Bases can help hold your front line, even if all your troops are slaughtered. Photo: Paladin Studios / Kongregate

There are a few downsides to the combinatorial complexity of the Stormbound play system,  notably the length of a typical Stormbound battle. While the gradual mana increase makes for a satisfying escalation, from small unit tactics to pixel-splashing swarms and hero units, the pace is way too gradual for bite-sized mobile gaming. Heated battles will often stretch to over 20 minutes.

But far worse than lengthy combat rounds is the game’s freemium strategy. Players without deep pockets can play the handful of “Campaign” rounds against the four factions to win enough cards for a solid starter deck. Daily quests reward “books” that contain multiple randomized cards or gold coins to buy new ones or to upgrade existing cards. But despite the free cards and coins, it quickly becomes evident that non-monetary routes are inadequate if a player has any interest in advancing through the multiplayer battle ranks.

New rank rewards like rubies and coins enables players to purchase upgrades and to earn new cards. It gives off the illusion of fighting your way forward, but a quick look at costs will disabuse anyone of that notion. Getting to Rank 25 nets you 5 rubies, but a “Glorious Book” with ten semi-random cards costs 25 rubies. What’s more, every third hard-won rank rewards just 50 coins (each battle victory wins you 5) — good luck purchasing the 80 to 500 coin card of the day, let alone that plus the 50 or 80 coins (plus exchanging multiple duplicates, like Clash Royale) it costs to upgrade an existing card already in your deck. Butting up against more powerful, paying opponents on higher ranks will slow your progress through rank reward tiers, making it even harder to build a competitive deck, even with a punishing grind.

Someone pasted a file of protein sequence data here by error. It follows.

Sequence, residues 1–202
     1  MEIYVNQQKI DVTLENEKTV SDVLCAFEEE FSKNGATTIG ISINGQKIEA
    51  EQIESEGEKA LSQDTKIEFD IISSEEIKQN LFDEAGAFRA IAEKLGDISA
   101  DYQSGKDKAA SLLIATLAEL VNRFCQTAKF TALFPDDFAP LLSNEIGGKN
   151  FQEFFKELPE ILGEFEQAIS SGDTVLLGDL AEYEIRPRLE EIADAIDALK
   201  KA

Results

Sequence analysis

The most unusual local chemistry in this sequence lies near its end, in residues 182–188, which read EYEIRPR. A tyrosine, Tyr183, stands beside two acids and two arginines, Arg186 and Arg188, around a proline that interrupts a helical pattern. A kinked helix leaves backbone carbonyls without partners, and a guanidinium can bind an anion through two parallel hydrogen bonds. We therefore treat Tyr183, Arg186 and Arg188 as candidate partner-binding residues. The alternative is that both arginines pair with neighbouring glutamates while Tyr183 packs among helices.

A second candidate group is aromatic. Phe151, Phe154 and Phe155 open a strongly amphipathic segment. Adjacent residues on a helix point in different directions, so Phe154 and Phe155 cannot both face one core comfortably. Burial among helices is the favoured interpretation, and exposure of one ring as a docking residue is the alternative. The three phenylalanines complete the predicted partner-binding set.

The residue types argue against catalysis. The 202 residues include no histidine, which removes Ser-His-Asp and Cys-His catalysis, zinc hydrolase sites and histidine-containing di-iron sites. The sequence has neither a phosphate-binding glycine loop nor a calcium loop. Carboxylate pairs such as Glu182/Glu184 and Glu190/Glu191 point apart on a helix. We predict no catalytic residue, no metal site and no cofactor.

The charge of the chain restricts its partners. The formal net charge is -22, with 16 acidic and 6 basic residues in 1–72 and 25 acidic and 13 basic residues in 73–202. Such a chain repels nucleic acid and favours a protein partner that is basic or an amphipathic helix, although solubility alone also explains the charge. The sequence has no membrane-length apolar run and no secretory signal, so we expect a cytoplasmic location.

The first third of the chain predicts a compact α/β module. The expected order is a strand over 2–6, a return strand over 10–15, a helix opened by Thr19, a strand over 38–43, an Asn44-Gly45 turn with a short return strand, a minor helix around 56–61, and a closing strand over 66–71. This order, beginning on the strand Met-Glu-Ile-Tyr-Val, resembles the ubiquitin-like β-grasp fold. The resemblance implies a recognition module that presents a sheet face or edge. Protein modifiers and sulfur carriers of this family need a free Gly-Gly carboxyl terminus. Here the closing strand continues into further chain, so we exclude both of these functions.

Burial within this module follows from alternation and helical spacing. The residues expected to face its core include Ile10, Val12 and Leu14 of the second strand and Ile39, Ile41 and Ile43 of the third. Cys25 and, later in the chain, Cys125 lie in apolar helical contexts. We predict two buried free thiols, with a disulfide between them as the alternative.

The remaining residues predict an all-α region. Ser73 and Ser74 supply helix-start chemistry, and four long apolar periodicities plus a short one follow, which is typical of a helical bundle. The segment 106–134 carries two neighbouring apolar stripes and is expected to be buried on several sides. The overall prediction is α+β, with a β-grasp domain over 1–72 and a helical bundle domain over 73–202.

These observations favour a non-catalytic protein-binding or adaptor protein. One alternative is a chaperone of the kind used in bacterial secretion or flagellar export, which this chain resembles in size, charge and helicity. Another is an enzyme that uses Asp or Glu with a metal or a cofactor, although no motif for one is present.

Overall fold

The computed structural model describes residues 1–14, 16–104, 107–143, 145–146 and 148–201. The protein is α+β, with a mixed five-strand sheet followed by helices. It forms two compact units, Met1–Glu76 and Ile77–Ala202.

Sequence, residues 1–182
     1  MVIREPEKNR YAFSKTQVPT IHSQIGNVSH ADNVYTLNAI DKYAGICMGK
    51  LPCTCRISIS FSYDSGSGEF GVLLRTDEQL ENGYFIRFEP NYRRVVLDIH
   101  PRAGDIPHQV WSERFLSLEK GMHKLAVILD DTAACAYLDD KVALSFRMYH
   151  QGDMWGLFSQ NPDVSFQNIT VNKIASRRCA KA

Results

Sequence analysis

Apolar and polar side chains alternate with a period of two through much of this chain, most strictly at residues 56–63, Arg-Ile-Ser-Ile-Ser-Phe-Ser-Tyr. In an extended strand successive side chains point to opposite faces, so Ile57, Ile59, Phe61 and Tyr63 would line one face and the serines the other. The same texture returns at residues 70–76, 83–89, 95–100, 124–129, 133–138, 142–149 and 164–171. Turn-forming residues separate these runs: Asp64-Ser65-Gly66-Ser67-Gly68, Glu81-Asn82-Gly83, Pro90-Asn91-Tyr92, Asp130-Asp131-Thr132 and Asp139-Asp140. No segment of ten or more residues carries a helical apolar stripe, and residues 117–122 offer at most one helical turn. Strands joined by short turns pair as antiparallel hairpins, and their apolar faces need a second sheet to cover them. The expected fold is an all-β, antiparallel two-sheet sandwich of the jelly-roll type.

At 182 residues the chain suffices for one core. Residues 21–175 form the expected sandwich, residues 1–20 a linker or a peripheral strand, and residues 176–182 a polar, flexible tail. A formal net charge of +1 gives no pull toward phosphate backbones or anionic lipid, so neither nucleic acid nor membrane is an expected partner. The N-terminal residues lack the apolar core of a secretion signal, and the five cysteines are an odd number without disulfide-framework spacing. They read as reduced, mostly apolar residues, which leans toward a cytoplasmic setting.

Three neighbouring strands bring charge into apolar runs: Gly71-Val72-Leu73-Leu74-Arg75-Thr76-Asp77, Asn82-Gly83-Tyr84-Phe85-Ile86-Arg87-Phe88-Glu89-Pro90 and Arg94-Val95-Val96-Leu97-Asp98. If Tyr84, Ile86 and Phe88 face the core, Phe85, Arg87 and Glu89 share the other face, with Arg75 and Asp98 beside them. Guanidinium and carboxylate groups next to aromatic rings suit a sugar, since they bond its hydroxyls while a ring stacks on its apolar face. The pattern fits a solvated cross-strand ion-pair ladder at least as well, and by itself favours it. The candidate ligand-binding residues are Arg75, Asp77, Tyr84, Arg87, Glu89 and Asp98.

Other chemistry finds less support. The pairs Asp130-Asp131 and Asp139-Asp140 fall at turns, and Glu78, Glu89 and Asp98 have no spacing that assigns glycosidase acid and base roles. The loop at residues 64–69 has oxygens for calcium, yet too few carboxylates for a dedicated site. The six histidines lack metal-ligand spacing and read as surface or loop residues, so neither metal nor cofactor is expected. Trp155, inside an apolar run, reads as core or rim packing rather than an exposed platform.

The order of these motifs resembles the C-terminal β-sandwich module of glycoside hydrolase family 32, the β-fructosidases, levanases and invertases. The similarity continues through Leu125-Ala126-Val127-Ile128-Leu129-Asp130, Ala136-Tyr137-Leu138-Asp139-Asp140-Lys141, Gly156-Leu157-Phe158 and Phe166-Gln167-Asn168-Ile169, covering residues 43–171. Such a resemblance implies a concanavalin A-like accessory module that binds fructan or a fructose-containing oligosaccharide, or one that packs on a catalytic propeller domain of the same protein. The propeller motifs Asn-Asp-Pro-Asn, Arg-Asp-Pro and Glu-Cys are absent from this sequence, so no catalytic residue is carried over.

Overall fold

Of course, dedicated Stormbound fans are welcome to buy “all 36 common, 27 rare & 20 epic cards, including 1 legendary” for $99.99 (faction specific seven-card packs, with one guaranteed epic card, cost $19.99 each). Stormbound is far from the only punishingly expensive freemium game out there, but it is almost completely prohibitive to players unwilling to spend some money.

And it’s not really worth it. Stormbound has a fun combat system that really made for a worthwhile weekend, but the clean aesthetic is really more functional than desire-inspiring. Unlike Magic: The Gathering, you’ll never treasure a Stormbound card as an art object. And while Stormbound could be the next Hearthstone, justifying a little money in exchange for hundreds of hours of play, it doesn’t seem very likely. In its current state, Stormbound is a freemium experience worth it to the exact extent that it’s free.

Stormbound Review: Kingdom Wars Deck Building Game Can't Conquer Paywall
Stormbound is a fun, with some interesting new twists on deck building gameplay, but is ultimately limited by a steep freemium paywall.
  • Fun tactical gameplay
  • In-depth combat
  • Punishing leveling
  • Expensive pay-to-play attributes